The Complexity of MathematicsEasyChair Preprint no. 3062, version historyVersion  Date  Pages  Version notes 

1  March 29, 2020  13  —  2  April 20, 2020  6  I have submitted a new version of Preprint 3062 (The Complexity of Mathematics) as an extension of the older version. Certainly, in this version we found another way to prove the problem PRIMES is not in 1NSPACE(S(n)) for all S(n). The previous version was flawed in this proof. In this way, the proof of Riemann hypothesis and Goldbach's conjecture are still valid according to the older version, because they are supported in that previous proof in the same way. Indeed, we found the other problems exposed in the older version have not a strong proof. For that reason, they were removed from this new version.  3  June 4, 2020  7  I added some missing arguments that the proofs needed in order to be correct.  4  June 7, 2020  7  I have assumed in the previous version that the Goldbach's conjecture were true, because this won't have an infinite number of counterexamples. However, this assumption have not been precisely proved yet. For that reason, we removed and changed the abstract and content of the paper.  5  June 8, 2020  7  I have improved the Theorems 4 and 7 just remarking there are only two options, that is, our target language could be regular or nonregular and its complement is infinite or is equal to the empty set.  6  June 10, 2020  6  We changed 1NSPACE by NSPACE and used the complement instead of the original language. For that purpose, we have changed the abstracts, the keywords and the content of the paper.  7  June 10, 2020  6  We state there are only three options: coL is equal to the empty set or coL in REG or coL is nonregular and coL is infinite, but the true statement should be: coL is equal to the empty set or coL in REG and coL is not empty or coL is nonregular and coL is infinite.  8  June 11, 2020  6  We restate the Goldbach's conjecture to true again.  9  June 11, 2020  7  I realize the infinite number of counterexamples in the Goldbach conjecture is possible when this set is sparse. In this way, we come back to the argument of previous version. We added a Conclusions section in this version.  10  June 11, 2020  7  I have stated the Robin's inequality is always true on p for every prime number p, but I didn't specify that must be for every prime number p greater than 10. This is fixed in this version.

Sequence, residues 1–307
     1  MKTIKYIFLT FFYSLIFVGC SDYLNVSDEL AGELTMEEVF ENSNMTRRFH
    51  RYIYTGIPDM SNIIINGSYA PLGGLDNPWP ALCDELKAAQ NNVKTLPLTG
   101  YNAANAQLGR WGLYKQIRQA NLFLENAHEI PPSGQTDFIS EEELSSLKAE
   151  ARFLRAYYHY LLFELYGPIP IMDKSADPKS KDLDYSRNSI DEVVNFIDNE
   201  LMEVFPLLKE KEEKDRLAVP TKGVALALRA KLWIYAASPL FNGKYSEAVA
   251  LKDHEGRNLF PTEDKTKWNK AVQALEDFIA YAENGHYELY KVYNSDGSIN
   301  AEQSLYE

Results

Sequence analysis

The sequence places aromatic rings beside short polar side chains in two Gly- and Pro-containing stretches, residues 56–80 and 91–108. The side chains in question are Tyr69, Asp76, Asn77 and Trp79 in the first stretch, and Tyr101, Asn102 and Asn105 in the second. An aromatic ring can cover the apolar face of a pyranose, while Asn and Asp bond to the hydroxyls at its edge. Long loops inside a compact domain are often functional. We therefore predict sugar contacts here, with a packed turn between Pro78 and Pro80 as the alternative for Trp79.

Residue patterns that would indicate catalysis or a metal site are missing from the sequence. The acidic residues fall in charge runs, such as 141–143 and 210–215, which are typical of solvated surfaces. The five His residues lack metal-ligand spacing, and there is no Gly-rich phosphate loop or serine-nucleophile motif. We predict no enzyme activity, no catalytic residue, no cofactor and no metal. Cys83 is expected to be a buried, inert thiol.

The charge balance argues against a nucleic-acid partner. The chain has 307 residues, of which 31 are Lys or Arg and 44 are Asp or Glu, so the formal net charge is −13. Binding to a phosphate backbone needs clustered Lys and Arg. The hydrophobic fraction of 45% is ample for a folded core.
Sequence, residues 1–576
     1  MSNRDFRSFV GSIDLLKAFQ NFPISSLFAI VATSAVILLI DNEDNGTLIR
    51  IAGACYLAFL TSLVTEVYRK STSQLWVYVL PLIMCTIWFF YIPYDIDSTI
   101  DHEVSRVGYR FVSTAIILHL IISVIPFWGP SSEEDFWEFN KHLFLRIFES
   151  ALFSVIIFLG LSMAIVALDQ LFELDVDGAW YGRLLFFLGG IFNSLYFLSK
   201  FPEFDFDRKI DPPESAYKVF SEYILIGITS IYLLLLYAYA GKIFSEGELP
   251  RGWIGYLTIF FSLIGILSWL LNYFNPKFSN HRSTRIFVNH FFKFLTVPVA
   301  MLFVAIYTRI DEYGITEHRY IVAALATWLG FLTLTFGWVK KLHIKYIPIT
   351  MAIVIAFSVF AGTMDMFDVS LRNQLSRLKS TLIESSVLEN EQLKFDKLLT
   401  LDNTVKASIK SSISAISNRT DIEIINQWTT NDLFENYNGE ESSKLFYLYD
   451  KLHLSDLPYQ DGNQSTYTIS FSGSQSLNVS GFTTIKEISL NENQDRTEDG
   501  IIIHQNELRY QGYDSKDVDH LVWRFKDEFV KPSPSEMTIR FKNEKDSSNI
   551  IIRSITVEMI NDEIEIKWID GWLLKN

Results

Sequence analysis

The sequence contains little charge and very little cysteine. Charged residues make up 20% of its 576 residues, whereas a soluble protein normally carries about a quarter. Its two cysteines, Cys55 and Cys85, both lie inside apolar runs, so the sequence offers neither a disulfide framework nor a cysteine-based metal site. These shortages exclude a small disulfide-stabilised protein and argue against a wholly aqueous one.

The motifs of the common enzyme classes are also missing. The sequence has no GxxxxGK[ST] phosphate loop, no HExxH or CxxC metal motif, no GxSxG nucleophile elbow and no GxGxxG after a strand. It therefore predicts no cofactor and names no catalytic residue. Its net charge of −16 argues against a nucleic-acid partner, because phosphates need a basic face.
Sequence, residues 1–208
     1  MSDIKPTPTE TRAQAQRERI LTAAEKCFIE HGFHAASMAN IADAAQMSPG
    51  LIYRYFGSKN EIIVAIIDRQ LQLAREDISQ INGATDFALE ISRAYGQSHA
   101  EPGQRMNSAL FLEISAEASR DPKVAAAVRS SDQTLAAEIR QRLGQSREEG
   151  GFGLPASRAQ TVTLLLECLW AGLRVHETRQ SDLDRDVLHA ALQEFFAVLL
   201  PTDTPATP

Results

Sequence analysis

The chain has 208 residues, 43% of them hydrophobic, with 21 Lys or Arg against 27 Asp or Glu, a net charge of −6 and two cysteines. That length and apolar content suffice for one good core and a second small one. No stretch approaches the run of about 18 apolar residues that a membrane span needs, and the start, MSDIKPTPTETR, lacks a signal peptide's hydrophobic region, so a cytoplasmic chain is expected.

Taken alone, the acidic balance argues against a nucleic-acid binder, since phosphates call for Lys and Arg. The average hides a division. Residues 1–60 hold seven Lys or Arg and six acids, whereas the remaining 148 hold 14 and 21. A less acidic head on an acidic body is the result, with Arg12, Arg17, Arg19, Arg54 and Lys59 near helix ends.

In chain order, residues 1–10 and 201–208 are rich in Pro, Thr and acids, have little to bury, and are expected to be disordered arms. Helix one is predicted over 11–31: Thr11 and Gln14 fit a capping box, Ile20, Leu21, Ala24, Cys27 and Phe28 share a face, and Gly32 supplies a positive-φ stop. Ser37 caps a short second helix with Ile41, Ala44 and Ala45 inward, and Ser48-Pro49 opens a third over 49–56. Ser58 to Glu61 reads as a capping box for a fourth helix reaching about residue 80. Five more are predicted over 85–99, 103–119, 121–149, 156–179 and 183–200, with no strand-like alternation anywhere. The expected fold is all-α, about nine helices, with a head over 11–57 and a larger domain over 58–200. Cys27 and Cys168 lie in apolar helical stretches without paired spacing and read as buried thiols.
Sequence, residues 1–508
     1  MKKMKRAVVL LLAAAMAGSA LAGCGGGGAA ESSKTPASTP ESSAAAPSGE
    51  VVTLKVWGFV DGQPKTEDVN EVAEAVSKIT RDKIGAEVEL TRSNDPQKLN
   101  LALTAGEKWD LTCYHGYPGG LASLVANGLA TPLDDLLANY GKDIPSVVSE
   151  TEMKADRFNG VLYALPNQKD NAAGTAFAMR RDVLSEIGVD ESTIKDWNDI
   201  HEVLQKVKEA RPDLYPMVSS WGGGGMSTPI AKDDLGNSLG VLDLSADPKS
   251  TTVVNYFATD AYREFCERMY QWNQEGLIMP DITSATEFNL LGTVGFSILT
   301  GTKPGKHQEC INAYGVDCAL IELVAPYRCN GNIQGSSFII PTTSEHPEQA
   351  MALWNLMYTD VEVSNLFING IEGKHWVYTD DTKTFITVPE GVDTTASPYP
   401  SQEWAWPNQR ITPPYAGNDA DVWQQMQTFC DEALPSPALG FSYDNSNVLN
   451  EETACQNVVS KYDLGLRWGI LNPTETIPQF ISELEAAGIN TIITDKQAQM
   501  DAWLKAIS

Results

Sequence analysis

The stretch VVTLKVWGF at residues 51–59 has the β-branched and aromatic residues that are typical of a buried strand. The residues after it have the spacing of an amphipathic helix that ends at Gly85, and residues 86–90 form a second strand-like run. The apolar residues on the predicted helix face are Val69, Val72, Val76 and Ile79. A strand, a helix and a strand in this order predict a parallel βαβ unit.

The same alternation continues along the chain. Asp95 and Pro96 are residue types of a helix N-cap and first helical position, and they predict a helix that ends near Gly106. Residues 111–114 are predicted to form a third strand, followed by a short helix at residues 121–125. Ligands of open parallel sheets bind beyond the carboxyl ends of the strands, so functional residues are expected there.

Keyphrases: complexity classes, Conjecture, number theory, primes, reduction, regular languages